Anderson achieved the rare feat during Lancashire's County Championship clash against Kent in Manchester on Day 2 of the contest. The England legend claimed his 1000th first-class wicket when he had Heino Kuhn caught behind for a duck off a trademark outswinger.
What made his achievement even more special was the fact that the wicket was claimed bowling from the James Anderson End at Old Trafford. With the wicket, Anderson also completed a sensational five-wicket haul in the innings.
After no play was possible on Day 1, Anderson got Lancashire off to a brilliant start on Day 2, dismissing both Kent openers Zak Crawley (0) and Jordan Cox (1) cheaply.
After completing his five-for and, simultaneously, reaching the 1000-wicket mark, Anderson added two more scalps to finish with sensational figures of 7 for 19 in 10 overs. Five of the 38-year-old pacer’s overs were maidens, as Kent crumbled to 74 all out in 26.2 overs.
Anderson is only the 14th player to claim 1,000 first-class wickets this century and only the fifth among pacers. Andy Caddick, Martin Bicknell, Devon Malcolm and Wasim Akram were the other pace bowlers to cross the 1000-wicket landmark before Anderson.
James Anderson on the verge of surpassing Anil Kumble
Anderson is the leading wicket-taker among pacers in Test cricket. In 162 Tests, the England great has claimed 617 wickets at an average of 26.67 with 30 five-fors and three 10-wicket match hauls.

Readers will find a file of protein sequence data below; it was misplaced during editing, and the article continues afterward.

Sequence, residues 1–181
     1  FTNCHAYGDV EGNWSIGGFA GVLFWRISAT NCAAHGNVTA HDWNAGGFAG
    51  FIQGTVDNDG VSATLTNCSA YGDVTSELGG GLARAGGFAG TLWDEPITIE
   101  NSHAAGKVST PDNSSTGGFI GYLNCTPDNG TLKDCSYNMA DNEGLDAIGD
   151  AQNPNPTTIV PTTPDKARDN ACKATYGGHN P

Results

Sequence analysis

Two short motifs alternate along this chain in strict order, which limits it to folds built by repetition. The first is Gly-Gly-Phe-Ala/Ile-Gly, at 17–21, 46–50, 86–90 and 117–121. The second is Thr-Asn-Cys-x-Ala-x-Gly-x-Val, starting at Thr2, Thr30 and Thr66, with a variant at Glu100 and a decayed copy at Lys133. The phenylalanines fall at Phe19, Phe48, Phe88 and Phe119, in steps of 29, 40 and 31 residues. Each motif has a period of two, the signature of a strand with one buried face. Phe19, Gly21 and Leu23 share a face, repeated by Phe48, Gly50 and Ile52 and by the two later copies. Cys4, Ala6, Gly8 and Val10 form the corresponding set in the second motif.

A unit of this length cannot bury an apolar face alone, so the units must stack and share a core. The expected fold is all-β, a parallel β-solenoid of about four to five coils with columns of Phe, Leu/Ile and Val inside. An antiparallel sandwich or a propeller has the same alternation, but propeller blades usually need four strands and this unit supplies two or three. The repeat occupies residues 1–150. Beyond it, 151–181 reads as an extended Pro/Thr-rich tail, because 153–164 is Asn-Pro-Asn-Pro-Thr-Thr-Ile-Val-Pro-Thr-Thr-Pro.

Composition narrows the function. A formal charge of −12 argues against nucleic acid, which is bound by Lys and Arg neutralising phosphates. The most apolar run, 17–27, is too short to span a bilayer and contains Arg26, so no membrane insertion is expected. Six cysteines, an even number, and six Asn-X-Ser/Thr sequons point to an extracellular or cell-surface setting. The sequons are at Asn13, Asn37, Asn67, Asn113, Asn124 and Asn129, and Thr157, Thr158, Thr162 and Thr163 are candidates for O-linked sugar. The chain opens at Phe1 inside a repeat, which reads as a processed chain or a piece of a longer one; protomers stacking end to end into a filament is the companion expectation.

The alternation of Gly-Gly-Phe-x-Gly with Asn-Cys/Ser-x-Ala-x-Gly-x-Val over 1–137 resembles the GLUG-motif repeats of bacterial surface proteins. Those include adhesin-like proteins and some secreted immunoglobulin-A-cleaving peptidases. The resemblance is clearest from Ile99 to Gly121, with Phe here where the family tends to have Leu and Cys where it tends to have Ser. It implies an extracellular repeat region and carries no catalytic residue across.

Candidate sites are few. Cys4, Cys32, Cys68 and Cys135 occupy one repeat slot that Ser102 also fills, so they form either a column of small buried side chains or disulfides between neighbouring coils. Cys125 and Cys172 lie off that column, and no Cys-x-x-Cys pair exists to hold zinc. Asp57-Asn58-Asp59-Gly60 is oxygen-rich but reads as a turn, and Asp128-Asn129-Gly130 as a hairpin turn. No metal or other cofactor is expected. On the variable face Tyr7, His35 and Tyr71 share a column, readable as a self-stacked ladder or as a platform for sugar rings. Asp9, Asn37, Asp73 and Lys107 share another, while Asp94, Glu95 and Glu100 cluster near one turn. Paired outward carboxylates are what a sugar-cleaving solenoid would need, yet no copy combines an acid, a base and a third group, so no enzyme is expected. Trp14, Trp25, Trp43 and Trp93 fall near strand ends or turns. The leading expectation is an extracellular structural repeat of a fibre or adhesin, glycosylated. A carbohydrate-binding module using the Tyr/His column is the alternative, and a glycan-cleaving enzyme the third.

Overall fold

Overall, he is fourth on the list of leading wicket-takers in Test cricket after Muttiah Muralitharan (800), Shane Warne (708) and Anil Kumble (619).
When he claims his third wicket in the upcoming Test series against India, Anderson will go past Kumble on the list of leading Test wicket-takers and move to the No. 3 spot.
During the Edgbaston Test against New Zealand last month, Anderson became England’s most-capped Test player, going past former England captain Alastair Cook, who finished his Test career with 161 caps.
Speaking on the massive achievement, Anderson stated that he didn’t think he was good enough after his Test debut against Zimbabwe at Lord’s in 2003. Anderson was quoted as saying by ESPNcricinfo:
"I thought I wasn't good enough. I thought it was a huge step up from county cricket. I remember Nasser [Hussain] didn't have a fine leg for me and I went for quite a few runs. My first ball was a no-ball as well so there were a lot of nerves there and I did feel like this was maybe a step too far for me at that point."
Apart from 600-plus Test wickets, Anderson also has 269 ODI scalps from 194 matches, also an England record for most wickets in the format.